Latest GPL Draft Is a Step in the Right Direction

After a few months’ delay–during which the Free Software Foundation mulled over how to make the world safe for GNU-manity in the face of Microsoft and Novell’s patent, collaboration and baby-seal-clubbing accord–there’s a new draft of the GNU General Public License out for comment.
For now, the most promising thing to report about the draft is that the leader of GPL 2’s most prominent project doesn’t hate it.
While that sounds like pretty faint praise, the fact that Linus Torvalds–the guy who founded and who still heads the Linux kernel project–is greeting the new draft with at least guarded openness is a big step in the right direction for the GPL update effort. After all, no matter how much work goes into the update process, GPL 3’s value ultimately must be judged by the size and quality of the free software commons that the license helps delineate.
From the start of the process, however, the danger has been that the FSF might reach too far and produce a GPL so focused on ensuring software freedom for everybody that next to nobody would choose it for his or her work. For example, GPL 3 was to take on the so-called SAAS (software as a service) loophole, in which someone could create and distribute under the GPL an Internet application, which some other party could then modify and serve to the public over the Web without having to release the changes to the code.
The previous GPL 3 draft offered optional provisions that would define serving an application over the Web for distribution and would require those serving the code to release their changes. In a nod toward clarity in the license, however, the FSF has split those licensing options into a separate license, the Affero GPL, with which GPL 3 will be compatible. The result is a leaner, clearer GPL 3 that fits with the expectations of the current GPL crowd while holding out a new licensing option for those who choose it.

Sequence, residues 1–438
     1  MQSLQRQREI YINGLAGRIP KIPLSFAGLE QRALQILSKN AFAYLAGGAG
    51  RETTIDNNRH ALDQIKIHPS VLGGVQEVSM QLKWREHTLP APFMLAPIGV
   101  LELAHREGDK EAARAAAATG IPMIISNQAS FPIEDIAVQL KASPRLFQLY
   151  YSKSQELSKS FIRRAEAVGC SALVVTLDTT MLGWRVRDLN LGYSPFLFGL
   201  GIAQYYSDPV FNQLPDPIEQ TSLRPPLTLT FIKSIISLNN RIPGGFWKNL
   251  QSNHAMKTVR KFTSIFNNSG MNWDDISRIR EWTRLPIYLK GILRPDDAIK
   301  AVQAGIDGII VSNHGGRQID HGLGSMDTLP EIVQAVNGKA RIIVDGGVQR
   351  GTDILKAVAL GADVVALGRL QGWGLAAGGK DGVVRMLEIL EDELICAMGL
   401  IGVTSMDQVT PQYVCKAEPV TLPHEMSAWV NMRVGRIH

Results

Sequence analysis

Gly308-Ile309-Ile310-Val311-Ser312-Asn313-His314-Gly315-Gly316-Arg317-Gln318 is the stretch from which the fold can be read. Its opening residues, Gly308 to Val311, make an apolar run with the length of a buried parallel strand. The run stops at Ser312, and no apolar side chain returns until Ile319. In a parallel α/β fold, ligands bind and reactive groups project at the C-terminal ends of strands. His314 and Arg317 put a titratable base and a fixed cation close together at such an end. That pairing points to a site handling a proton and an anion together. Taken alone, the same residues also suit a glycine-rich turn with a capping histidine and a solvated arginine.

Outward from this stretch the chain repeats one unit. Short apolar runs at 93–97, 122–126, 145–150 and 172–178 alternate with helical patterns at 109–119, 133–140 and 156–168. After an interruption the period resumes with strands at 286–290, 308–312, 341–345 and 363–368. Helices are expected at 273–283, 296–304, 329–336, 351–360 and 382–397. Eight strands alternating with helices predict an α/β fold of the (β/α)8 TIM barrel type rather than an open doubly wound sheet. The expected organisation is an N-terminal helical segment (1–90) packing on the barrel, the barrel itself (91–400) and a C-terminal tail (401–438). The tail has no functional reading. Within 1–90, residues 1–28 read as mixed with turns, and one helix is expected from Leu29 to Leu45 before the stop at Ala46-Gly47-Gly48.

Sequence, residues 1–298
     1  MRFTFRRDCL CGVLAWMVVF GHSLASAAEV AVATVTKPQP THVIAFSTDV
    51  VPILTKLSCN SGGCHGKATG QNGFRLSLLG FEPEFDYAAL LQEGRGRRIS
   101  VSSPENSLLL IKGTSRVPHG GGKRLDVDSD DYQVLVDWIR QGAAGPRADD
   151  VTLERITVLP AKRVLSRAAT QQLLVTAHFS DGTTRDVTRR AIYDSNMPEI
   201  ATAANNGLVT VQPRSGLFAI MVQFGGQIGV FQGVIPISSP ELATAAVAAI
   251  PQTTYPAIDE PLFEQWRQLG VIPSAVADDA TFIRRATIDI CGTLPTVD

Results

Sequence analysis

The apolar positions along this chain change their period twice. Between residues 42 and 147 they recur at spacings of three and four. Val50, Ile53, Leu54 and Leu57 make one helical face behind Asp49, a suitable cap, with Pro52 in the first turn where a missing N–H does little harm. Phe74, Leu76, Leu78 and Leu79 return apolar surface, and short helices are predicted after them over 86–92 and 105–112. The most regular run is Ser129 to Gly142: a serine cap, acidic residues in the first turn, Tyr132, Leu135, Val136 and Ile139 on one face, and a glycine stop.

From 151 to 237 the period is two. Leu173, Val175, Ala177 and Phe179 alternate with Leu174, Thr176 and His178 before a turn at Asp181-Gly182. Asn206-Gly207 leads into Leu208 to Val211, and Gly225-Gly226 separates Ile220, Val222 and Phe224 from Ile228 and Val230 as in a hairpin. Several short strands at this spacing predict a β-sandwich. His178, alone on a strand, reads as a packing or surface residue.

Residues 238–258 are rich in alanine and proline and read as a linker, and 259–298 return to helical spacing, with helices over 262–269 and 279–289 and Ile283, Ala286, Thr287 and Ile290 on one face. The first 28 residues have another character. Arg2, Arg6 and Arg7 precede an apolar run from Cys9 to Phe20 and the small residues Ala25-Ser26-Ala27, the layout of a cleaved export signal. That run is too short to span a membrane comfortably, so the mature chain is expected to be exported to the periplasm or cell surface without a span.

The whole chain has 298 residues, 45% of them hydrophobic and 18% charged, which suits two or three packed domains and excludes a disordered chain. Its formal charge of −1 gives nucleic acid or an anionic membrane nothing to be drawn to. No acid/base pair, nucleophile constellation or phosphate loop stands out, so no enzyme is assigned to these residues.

Less clarifying is the FSF’s revised approach to combating “Tivo-ization,” in which a party distributes software (in the case of Tivo, Linux) to users in a device or appliance, duly offers his or her modified code for download, but prevents users from running modified code on their device or appliance. In the previous GPL 3 draft, the FSF called for vendors to cough up encryption keys to free these appliances, and this was one thing that rubbed Torvalds and others the wrong way. The current draft takes a different and perhaps more palatable-sounding tack, but tracing through its conditions and provisos leads me to doubt it will stand up to greater scrutiny.
With only one discussion draft left before the license is set to go gold, I’m concerned that the FSF may be spending too much time puzzling over what I’m tempted to call unasked questions of software freedom and whether these exercises in what constitutes such freedom might be obscuring the bigger picture.
The latest discussion draft could potentially expose those developing and using the license to legal risk, an ACT lawyer says. Click here to read more.
For instance, Sun Microsystems has spoken of potentially licensing its OpenSolaris project under GPL 3. Such a move presents a great opportunity to expand the pool of GPL-licensed code and the reach of free software, provided that the FSF can coax the Linux kernel project to move to GPL 3 as well. With both platforms available under the same license, there’d be all sorts of new code-mingling opportunities that aren’t now possible under those projects’ incompatible CDDL (Common Development and Distribution License) and GPL 2 licenses.
If the FSF were to achieve nothing more with GPL 3 than the internationalization, clarification and software-patent-proofing tweaks required to bring the 16-year-old GPL 2 into sync with today’s software landscape and attract new participants to the community, the license would represent a considerable leap forward for free software.